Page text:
• Owned by Dartmoor Brewery they take their beers very seriously, highly recommended to try the local Jail Ale. Total of 3 Real Ale pumps. You will find the Two Bridges perched on the banks of the beautiful West Dart River, with jaw dropping countryside and bracing walks in every direction, Inside you will discover a warm Devon welcome and a bustling bar with lots of open fires.
  • Traditional Pub With Real Ales and a Separate Games Room for Darts, Pool, Air Hockey.(coming soon Snooker & Pinball) A state of the art Jukebox too! Relaxing surroundings & Friendly service. Just how pubs should be!
  • Possibly the oldest inn in the UK dating back to 825AD,The Cridford Inn is a charming old Devon longhouse that has kept is character. A free-house serving some of the finest food available in Devon. Locally sourced and fairly priced - this inn deserves a visit - you will not want to leave!
  • Welcome, pull up a stool at the bar, or relax on our comfy sofa. Situated in the Dartmoor National Park, the Chagford Inn prides itself on the quality of its ales, beers and wines. It also provides one of the most imaginative menus to be found in Devon. We have a good range of beers, we always have at least two real ales on tap plus three Continental lager beers. We also sell Meantime London Pale Ale, which is unusual in this part of the world, and proving popular!
    Read the Dartmoor Accommodation Review:
  • The Fox Tor Café is a licensed cafe and is situated close to the centre of Princetown the heart of Dartmoor. Good quality, value for money food in a friendly atmosphere using local produce wherever possible. Newly refurbished tea garden with decking area - seating for 24. Muddy boots and paws very welcome. Free WiFi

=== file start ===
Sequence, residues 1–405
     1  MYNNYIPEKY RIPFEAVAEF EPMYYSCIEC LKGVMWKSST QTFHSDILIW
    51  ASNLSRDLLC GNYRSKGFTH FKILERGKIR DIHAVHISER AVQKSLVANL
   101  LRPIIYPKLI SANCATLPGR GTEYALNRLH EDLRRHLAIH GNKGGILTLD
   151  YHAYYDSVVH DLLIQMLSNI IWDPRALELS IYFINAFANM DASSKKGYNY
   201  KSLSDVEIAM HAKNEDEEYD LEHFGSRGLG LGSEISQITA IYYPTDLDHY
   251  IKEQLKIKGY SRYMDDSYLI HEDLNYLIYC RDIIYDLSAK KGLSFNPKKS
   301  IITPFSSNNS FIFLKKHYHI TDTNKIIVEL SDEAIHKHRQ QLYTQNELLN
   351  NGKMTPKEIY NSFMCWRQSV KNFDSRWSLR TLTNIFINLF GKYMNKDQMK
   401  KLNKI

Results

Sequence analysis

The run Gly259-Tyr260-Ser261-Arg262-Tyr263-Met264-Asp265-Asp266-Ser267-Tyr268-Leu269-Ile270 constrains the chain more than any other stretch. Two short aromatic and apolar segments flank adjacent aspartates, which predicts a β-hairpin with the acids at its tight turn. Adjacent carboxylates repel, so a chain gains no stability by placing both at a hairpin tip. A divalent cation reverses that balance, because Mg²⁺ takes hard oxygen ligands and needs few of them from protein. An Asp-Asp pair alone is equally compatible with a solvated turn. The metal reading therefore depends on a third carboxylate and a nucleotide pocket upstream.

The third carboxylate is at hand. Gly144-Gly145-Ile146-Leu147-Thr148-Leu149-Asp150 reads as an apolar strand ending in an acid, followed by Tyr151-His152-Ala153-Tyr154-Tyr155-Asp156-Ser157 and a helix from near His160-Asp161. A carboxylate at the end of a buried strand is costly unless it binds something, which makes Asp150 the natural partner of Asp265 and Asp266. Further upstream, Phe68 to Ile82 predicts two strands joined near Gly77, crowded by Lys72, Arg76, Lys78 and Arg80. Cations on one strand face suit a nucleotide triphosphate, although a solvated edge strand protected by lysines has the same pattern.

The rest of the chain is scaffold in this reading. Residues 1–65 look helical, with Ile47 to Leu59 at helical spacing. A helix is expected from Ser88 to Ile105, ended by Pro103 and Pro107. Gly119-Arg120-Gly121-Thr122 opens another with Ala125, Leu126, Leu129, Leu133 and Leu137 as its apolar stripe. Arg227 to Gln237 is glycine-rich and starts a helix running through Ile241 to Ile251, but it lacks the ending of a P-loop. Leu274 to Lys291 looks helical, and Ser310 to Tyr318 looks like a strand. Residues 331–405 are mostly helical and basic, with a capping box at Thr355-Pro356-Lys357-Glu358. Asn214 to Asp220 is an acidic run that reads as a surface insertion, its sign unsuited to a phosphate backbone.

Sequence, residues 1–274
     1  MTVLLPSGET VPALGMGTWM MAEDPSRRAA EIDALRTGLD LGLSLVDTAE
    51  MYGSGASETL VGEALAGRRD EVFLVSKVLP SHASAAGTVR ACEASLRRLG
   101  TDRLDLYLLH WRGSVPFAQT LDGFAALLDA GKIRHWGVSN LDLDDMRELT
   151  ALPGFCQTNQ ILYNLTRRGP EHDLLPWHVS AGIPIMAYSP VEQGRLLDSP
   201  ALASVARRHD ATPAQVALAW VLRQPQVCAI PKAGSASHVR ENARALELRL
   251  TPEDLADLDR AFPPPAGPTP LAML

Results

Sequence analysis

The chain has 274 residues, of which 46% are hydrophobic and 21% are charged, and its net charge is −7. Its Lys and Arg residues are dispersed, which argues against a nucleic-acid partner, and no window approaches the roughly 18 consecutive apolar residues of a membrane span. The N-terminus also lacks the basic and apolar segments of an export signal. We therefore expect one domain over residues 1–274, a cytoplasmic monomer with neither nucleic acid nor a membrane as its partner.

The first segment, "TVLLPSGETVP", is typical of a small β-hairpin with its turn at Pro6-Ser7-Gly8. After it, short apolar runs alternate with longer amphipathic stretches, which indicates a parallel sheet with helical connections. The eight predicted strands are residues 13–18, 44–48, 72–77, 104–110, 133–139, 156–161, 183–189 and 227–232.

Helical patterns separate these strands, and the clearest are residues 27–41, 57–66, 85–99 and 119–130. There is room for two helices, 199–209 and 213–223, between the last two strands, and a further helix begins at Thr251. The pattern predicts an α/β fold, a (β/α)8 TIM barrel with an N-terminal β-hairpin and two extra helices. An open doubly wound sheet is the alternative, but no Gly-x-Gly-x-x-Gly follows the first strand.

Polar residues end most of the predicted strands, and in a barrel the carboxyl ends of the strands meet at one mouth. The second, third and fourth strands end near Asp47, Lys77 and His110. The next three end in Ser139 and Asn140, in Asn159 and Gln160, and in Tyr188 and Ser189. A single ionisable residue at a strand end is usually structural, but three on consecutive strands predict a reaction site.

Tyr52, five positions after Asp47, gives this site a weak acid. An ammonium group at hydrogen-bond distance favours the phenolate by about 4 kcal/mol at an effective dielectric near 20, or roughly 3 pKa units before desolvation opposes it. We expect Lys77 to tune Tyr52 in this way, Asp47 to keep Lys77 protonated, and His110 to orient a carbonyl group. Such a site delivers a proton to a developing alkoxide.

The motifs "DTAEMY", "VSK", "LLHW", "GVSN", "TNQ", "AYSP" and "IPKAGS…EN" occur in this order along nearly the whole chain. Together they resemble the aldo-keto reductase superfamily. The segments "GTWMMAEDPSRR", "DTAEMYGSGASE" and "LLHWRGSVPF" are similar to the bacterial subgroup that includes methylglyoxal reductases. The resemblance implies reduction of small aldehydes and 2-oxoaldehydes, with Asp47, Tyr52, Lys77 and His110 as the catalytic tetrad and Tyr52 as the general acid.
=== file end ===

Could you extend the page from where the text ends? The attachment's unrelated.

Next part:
• Set in a charming Devon longhouse dating back to the 13th century, this inn is located between Dartmoor’s Okehampton and Tavistock in the hamlet of Lake. It offers cosy accommodation and traditional cuisine. The Bearslake Inn specialises in West country-style meals with locally sourced produce. Enjoy a la carte meals in the Stable Restaurant or lunches in the 16th century Dartmoor Room.
  • A country house hotel and restaurant serving a good selection of local bottled ales. Centrally located and an excellent base for exploring the moor, renowned for its food and probably being one of the most dog friendly hotels on the Moor.
    Read the Dartmoor Accommodation Review:
  • The Rugglestone Inn is a unique, unspoilt Dartmoor inn delightfully located in the picturesque village of Widecombe in the Moor. Originally a cottage the grade II listed building was converted to an inn back in 1832 and named after a local logan stone. It is surrounded by peaceful moorland, adjacent to a pretty stream and just a few minutes walk from the centre of the village.
  • Known to have been an inn during the 17th Century, it was originally a Devon Long house, parts of which are medieval. Important persons hung their banners or standards outside the inns where they took temporary lodgings - the White Hart sign, with a collar of gold, became a favourite badge of King Richard II.